Ukraine is set to see economic growth of 2 per cent both this year and next amid a broader recovery across central and eastern Europe, according to the latest regional economic forecasts from the European Bank for Reconstruction and Development.

The lender to ex-communist Europe, former Soviet republics and parts of north Africa on Wednesday forecast growth would pick up this year across its 36 countries of operation for the first time in six years, after five years of deceleration, reports Neil Buckley in London.

It saw average growth in its region increasing from 0.5 per cent last year to 1.4 per cent this year, and 2.5 per cent in 2017, helped by recoveries in Ukraine and Russia.

The bank said macro-economic stabilisation in Ukraine had set the stage for recovery, although the 2 per cent growth seen this year and next remains modest after output shrank 6.6 per cent in 2014 and 9.9 per cent last year.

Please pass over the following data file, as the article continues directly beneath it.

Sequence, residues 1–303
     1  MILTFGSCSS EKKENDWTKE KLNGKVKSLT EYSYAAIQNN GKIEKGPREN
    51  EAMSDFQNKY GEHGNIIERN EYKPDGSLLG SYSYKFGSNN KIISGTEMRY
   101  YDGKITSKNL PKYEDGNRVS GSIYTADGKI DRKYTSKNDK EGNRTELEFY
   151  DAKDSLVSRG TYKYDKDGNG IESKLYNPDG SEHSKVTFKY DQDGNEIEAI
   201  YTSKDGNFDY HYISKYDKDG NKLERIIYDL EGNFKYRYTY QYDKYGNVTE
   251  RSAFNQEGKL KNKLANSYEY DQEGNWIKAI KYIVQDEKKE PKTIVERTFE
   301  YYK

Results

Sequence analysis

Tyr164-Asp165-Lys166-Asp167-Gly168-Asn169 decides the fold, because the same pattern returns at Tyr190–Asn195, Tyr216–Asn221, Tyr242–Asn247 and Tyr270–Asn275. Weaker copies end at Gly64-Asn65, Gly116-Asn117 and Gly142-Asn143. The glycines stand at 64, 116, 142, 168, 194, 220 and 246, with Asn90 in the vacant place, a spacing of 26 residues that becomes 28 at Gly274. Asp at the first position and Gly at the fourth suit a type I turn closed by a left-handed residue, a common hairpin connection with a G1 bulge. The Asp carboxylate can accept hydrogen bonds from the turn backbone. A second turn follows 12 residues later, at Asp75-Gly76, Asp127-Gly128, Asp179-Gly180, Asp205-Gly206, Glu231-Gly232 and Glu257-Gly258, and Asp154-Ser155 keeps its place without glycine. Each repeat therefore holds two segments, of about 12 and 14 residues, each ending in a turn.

The EBRD’s Ukraine forecast is slightly higher this year than the IMF’s recent forecast of 1.5 per cent growth this year, but below the IMF’s 2.5 per cent for next year.

In Russia, the development bank foresees a second straight year of contraction this year, of 1.2 per cent, after a 3.7 per cent decline last year. But it forecast a return to growth of 1 per cent in 2017.

The recovery in Russia is set to boost growth for former Soviet neighbours, many of which remain heavily dependent on it for trade and remittances.

The bank’s central Europe and Baltic region, including Poland, Hungary, and the three Baltic republics, is seen maintaining growth of 3.1 per cent this year and next, broadly in line with last year’s 3.2 per cent.

But growth in central Europe remains driven by consumption. Hans Peter Lankes, the EBRD’s acting chief economist, warned that low investment was hindering the productivity growth that was previously the main driver of the region’s economic expansion.

“The real issue is growth and it is not strong enough to achieve convergence with more advanced economies,” he said.

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